Although Kathmandu doesn’t lie in the geographical centre of Nepal, everything west of the capital is considered to be Western Nepal; anything west of Pokhara is considered Far Western. And Far Western Nepal is very remote, wild, and difficult to access. But all of that just adds to the adventure of trekking there!
Far Western Nepal is home to some of the most incredible rivers, lakes and landscapes in the country. It would be hard to trek for days without seeing another person in other parts of the country, but this is possible in Far Western Nepal. Imagine what popular regions like the Khumbu, Annapurnas and Mustang were like before they became popular with trekkers, and you have Far Western Nepal.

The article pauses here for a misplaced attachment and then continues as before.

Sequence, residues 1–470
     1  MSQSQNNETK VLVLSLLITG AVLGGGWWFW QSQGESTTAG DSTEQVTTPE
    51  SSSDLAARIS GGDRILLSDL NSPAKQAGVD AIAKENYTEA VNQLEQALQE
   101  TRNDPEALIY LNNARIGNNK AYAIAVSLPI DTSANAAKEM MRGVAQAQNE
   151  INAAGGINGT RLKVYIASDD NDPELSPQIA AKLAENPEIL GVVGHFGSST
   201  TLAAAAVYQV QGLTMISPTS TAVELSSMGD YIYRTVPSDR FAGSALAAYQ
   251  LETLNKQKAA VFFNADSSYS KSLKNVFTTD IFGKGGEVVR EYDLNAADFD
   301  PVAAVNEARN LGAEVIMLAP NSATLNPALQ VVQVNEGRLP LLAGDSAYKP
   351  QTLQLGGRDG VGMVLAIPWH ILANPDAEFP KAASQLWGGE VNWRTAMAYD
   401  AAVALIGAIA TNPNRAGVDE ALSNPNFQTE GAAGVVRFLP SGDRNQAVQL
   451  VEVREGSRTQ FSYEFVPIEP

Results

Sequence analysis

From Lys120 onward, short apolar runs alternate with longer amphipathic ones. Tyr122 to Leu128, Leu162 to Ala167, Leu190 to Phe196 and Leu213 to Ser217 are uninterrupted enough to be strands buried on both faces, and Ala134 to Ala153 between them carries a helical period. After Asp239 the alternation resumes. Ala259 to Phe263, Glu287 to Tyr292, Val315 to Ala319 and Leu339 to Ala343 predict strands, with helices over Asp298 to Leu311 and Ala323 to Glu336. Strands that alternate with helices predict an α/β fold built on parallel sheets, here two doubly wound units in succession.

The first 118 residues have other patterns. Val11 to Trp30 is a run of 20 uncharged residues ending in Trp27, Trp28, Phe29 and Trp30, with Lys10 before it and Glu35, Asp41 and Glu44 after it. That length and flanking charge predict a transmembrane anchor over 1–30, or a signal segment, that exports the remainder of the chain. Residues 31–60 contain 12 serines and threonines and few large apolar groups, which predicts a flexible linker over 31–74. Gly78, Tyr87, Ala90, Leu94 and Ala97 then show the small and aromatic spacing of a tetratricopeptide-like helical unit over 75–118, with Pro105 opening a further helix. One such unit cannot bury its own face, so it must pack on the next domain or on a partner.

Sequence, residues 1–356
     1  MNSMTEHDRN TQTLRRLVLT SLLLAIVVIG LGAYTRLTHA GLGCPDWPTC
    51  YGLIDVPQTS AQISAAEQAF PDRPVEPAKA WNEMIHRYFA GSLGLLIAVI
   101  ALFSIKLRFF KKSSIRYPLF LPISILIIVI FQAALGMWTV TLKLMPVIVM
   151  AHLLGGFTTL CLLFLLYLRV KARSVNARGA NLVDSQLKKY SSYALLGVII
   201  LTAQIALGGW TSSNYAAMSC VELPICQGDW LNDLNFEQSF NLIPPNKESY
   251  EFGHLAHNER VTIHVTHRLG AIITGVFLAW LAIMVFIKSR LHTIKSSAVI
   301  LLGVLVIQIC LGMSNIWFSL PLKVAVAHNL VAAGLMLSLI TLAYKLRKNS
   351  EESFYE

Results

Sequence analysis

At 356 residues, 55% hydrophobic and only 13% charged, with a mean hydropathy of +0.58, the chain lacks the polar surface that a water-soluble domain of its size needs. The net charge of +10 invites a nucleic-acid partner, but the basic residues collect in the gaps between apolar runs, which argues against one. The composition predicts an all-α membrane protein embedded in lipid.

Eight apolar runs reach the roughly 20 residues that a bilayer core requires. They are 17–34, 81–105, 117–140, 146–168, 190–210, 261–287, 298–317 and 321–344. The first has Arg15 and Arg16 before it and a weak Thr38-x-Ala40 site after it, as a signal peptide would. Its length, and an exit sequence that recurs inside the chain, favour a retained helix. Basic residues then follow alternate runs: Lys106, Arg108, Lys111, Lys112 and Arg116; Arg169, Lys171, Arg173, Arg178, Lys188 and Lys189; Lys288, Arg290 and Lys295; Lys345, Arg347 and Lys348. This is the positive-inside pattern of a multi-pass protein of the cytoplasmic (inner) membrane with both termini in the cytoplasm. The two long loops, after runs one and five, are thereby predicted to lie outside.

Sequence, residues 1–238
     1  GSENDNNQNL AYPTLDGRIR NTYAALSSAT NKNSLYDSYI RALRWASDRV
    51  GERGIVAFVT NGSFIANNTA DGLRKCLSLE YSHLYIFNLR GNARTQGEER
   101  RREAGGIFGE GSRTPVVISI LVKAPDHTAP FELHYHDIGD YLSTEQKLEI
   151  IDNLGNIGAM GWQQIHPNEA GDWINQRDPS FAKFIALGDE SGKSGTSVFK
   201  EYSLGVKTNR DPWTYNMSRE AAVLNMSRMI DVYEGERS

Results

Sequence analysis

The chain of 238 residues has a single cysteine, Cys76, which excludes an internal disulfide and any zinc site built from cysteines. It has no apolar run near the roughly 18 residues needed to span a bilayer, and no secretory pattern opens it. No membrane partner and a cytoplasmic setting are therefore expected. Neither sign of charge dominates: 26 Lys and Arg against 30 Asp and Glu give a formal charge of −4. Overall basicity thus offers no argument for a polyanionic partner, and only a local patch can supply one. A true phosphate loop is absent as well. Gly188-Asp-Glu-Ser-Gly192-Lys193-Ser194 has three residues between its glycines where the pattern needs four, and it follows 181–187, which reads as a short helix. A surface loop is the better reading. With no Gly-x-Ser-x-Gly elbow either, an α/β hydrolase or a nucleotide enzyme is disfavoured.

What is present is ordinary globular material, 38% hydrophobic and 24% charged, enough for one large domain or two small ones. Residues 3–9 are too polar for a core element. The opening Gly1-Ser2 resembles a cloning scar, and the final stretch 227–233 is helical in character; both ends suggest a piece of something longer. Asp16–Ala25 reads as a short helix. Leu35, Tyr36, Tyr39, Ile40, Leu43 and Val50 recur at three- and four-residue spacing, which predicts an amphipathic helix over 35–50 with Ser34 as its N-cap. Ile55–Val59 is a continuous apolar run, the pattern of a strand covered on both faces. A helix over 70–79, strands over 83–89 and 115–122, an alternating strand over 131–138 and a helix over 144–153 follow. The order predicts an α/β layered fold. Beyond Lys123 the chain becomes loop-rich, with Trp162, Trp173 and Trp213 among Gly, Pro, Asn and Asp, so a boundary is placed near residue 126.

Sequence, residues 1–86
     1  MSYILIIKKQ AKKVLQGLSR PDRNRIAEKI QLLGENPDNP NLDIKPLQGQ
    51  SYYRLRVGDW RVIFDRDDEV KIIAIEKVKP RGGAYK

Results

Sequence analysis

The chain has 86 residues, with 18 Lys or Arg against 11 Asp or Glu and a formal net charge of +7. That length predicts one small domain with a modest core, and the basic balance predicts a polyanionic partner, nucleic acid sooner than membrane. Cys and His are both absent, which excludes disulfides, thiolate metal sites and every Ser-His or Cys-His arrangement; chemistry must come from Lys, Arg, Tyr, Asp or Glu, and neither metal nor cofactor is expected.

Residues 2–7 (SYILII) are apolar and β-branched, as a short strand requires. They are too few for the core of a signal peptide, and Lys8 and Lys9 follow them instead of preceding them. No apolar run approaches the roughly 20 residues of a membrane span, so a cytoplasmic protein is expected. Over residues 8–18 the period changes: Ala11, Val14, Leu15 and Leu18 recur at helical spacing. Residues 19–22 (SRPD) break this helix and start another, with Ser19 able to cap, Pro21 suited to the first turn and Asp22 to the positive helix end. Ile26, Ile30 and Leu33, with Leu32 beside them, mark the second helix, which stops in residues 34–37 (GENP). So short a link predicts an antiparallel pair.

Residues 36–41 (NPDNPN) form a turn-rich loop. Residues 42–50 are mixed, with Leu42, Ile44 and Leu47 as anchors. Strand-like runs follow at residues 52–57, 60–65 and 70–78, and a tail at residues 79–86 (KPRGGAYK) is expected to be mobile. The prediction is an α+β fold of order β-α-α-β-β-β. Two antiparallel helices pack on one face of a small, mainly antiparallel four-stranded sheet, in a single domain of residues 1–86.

Treks in the Far West require quite a bit of logistical planning because of limited road connections to trailheads, the necessity of flying to small mountain airstrips from cities on the Terai, and sometimes because of special permits (which can be costly). And, in some areas, it’s necessary to take all food supplies in with you, as you can’t rely on buying supplies from locals or sitting down to prepared meals in teahouses.
Trekking in the Far West should only really be attempted by seasoned trekkers, preferable with a bit of Himalayan experience—this is not the place to head if you’re a beginner wanting a quick introduction to trekking in Nepal. But, if you know what you’re getting into, the Far West is perhaps the most rewarding area of Nepal to spend some time.